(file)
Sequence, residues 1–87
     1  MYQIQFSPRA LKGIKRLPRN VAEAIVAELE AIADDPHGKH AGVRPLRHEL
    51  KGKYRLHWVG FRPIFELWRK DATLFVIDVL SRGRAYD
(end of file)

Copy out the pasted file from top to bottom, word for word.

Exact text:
Sequence, residues 1–87
     1  MYQIQFSPRA LKGIKRLPRN VAEAIVAELE AIADDPHGKH AGVRPLRHEL
    51  KGKYRLHWVG FRPIFELWRK DATLFVIDVL SRGRAYD